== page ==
Ron Howard, Brian Grazer Ending Their 30-Year Deal With Universal Amid New Money

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Ron Howard (left) and Brian Grazer

Imagine Entertainment is close to finalizing a deal for an investment of more than $100 million from The Raine Group that will allow the production company to set up new film and TV projects.

This story first appeared in the Feb. 12 issue of The Hollywood Reporter magazine. To receive the magazine, click here to subscribe.

A new chapter at Imagine Entertainment is about to begin as its long-standing relationship with Universal Pictures comes to a close. The production company — which dates back to 1986, a few years after founders Brian Grazer, 64, and Ron Howard, 61, first teamed up on 1982's Night Shift — is close to finalizing a deal for an investment of more than $100 million from The Raine Group that will allow Imagine to set up new film and TV projects.

Raine, a New York-based merchant bank focusing on technology, media and telecommunications, was founded in 2009 by Joe Ravitch and Jeff Sine in partnership with WME. It has previously invested in South Park creators Trey Parker and Matt Stone's Important Studios, Vice Media and action sports company Nitro Circus, and it recently closed an $850 million fund for growth investments. Although the parties involved declined comment on the pending deal, it is expected that Grazer and Howard will head the new partnership, which also hopes to attract other investors. They also will sit on a board that includes Ravitch.

Imagine's production and distribution deal with Universal runs out at the end of 2016, and the studio doesn't plan to renew it, sources tell THR. The Imagine/Universal pact — which has turned out such movies as best picture Oscar winner A Beautiful Mind as well as 8 Mile, Friday Night Lights and American Gangster — was last renewed in 2010, when it was downgraded to a first-look deal.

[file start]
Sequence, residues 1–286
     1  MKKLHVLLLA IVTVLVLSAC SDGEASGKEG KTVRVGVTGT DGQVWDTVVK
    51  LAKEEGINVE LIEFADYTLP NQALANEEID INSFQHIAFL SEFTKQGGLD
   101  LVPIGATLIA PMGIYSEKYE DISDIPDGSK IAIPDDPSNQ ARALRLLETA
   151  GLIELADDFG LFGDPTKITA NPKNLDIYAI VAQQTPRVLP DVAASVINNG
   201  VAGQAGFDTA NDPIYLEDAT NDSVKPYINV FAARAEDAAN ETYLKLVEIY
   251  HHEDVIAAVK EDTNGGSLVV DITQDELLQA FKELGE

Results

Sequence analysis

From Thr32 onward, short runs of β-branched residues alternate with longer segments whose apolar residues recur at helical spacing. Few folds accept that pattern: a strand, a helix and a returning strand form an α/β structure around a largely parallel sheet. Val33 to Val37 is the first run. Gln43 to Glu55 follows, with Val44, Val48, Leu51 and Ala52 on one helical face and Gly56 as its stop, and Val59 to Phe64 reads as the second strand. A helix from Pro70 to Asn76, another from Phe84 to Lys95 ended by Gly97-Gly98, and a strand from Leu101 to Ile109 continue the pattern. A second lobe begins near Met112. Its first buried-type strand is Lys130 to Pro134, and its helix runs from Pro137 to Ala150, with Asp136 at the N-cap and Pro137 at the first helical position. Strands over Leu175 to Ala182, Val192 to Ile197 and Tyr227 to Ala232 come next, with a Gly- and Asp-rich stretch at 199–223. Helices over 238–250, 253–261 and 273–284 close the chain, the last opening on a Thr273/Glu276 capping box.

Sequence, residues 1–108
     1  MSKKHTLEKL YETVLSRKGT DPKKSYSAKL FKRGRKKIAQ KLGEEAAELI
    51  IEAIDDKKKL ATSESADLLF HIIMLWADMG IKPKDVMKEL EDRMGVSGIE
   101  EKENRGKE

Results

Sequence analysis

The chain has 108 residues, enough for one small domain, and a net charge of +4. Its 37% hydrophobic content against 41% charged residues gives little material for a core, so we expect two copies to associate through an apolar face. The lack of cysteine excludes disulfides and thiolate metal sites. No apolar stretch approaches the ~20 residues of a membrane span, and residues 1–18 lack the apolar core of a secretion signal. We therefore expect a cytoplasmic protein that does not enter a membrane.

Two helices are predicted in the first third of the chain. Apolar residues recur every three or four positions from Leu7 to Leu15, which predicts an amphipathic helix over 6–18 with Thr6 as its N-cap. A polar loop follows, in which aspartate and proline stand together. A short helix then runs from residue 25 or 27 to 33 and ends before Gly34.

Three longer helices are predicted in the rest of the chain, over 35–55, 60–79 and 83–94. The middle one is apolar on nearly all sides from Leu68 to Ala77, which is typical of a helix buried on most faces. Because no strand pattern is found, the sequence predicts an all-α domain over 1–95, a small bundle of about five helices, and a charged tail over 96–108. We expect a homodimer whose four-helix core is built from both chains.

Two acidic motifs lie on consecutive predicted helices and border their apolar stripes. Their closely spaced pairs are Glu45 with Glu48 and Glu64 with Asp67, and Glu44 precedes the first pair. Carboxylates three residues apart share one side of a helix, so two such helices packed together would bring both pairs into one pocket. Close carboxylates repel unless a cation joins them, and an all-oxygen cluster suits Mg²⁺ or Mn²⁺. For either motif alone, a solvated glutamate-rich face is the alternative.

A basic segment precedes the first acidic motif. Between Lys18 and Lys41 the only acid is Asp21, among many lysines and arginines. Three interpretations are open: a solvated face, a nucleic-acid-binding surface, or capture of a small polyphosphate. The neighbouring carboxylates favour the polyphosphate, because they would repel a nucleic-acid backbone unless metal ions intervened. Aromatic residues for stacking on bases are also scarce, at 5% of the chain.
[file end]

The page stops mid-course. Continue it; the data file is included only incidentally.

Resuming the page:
In recent years, the relationship appeared to have run its course. Imagine had to turn to other sources of financing for its 2013 racing drama Rush, the last film it released through Universal. And Imagine's most recent release, the sea-faring adventure In the Heart of the Sea, was produced with Warner Bros. and Village Roadshow. The expensive period piece cost $100 million and ran aground at the box office, grossing just $90.5 million worldwide to date.

Howard is now in postproduction on the Tom Hanks-starring Inferno, his third adaptation of one of Dan Brown's mystery thrillers, which Sony will launch on Oct. 14. Imagine, according to the most frequently heard scenario, could move its film business to 20th Century Fox, where it also has a separate TV deal (which it is in the process of renewing) and the hit Fox series Empire.

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